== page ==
Earlier this year, with support from SembraMedia, we began using Facebook ads to promote the newsletter. They were very successful. Our list grew dramatically after a minor investment due to a very low cost per conversion. This was by far the most successful strategy and we’ve since decided to invest more in Facebook marketing of the newsletter.

Q: How have you changed your work, including with WhatsApp, in light of COVID-19?

A: In mid-March, when the lockdown in New York City began and its dramatic effects on the lives of all New Yorkers became clear, we decided we needed to act. Nicolas Rios, the former NYU student, had recently graduated. He came to work with us and has since spearheaded a tremendous effort to get information that was sorely lacking in other news outlets out to immigrant New Yorkers.

Documented uses WhatsApp to ask for — and respond to — readers’ questions about coronavirus.

Following our Facebook campaign, WhatsApp newsletter subscribers had become a lot more engaged and were sending in questions before the coronavirus crisis escalated in New York. Those questions took a turn after the crisis as subscribers began wanting to know about their healthcare options, labor fallout and the changing landscape for immigration services. We decided to hold a series of Q&As with experts in different fields to answer these questions. The first week, we solicited readers’ questions on health care, immigration was the second week and labor was the third week. Each week we took their questions to experts and produced articles, like this one on health, based on the most frequently asked questions such as, “In New York, what health services can be used by undocumented immigrants in relation to the coronavirus?” We sent the answers to the individuals who asked and then to all of our subscribers.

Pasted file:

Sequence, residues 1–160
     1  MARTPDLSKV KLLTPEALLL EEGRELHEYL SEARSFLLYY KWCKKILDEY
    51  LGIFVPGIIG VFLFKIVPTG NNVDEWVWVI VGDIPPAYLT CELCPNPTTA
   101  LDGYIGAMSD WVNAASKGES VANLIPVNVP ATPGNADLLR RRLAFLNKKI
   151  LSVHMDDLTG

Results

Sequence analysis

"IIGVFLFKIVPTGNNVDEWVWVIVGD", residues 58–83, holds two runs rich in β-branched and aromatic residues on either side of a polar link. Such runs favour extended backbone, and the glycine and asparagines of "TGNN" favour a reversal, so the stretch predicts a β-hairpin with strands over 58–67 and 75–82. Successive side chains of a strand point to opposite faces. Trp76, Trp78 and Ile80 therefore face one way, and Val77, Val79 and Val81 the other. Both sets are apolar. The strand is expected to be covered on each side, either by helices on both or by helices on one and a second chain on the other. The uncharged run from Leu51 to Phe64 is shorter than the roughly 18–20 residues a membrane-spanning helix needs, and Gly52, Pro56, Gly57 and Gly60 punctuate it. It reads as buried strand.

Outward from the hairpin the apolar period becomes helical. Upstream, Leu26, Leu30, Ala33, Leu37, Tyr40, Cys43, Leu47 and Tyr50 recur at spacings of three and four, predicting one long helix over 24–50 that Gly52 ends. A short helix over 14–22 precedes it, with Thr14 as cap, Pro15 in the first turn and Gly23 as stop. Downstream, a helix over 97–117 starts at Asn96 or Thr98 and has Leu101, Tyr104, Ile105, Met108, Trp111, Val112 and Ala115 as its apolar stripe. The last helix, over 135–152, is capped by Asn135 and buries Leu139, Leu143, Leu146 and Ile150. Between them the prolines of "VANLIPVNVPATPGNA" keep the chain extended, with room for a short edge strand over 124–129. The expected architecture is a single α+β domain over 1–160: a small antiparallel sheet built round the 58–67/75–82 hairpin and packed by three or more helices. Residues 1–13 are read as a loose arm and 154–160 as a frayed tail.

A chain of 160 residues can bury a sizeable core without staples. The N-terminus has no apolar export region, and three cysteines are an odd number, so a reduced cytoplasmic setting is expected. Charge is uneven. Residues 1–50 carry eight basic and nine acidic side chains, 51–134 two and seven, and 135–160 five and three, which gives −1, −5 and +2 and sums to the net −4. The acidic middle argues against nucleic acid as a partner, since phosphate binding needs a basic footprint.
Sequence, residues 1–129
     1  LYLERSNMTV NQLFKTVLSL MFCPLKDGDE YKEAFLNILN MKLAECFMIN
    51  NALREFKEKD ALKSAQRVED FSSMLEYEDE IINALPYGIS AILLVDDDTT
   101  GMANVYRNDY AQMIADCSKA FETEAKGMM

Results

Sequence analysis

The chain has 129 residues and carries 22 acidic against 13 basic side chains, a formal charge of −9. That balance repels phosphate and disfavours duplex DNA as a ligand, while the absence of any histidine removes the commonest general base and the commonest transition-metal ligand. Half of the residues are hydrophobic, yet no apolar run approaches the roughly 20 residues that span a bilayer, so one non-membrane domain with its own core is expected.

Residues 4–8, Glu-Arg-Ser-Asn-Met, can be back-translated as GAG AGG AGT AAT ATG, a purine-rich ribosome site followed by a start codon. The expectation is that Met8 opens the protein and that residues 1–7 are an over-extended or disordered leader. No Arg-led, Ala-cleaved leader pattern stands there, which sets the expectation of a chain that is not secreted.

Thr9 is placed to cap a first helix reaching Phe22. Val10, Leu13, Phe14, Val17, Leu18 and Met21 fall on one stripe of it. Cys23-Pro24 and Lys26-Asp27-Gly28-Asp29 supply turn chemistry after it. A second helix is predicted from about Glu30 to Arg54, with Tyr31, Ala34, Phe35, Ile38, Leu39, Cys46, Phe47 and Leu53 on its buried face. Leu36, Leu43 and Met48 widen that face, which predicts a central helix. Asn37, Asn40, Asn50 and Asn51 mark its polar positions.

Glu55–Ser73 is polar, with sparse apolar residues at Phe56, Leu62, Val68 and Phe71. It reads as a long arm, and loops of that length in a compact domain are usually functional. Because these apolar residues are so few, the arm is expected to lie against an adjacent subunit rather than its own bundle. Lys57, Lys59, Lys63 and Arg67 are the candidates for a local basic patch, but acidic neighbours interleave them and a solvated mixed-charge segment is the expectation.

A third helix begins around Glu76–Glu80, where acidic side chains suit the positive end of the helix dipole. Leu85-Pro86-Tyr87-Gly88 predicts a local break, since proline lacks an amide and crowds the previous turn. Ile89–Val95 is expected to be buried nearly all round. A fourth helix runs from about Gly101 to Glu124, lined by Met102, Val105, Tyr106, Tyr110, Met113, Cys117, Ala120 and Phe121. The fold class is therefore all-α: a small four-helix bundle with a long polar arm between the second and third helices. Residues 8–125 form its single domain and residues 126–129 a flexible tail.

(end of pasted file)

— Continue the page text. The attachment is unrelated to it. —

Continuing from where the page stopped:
For our labor questionnaire, we went one step further and hosted a Facebook Live with labor lawyers from Make the Road where we addressed users’ questions and provided general feedback on what the new labor provisions at the federal and state level mean for immigrants. The Facebook Live itself was our highest-performing link that we sent out via WhatsApp and it had great engagement throughout the event.

The fourth week we focused on misinformation. We partnered with Univision 41 to ask readers if they’ve seen any messages or posts about the coronavirus that they would like us to verify. We got a wide range of rumors from our WhatsApp readers, from people offering fake Amazon and Walmart gift cards to claims that the cure for the coronavirus could be found from a hair in the Bible. On Wednesday, April 15 we published our findings and hosted another Facebook Live in partnership with Univision 41 to provide readers tips on how to spot misinformation.

Q: What are you learning about your audience’s information needs during this time?

A: People need actionable information during these uncertain times. SembraMedia also funded our use of a premium Bitly account which has allowed us to better track user behavior on WhatsApp. Even before the crisis, we quickly learned that users were not interested in the latest policy decisions of the day but wanted information that they could use. That has become more pronounced since we began.

A link on how to get financial support if you don’t qualify for the federal stimulus package, which was buried in the middle of a series of messages sent to our WhatsApp subscribers, far outperformed anything else that we sent that day. That was a clear indication on what our readers’ priorities are during this time, which is understandable.

Q: What aspects of this work do you think will or should remain when the pandemic subsides?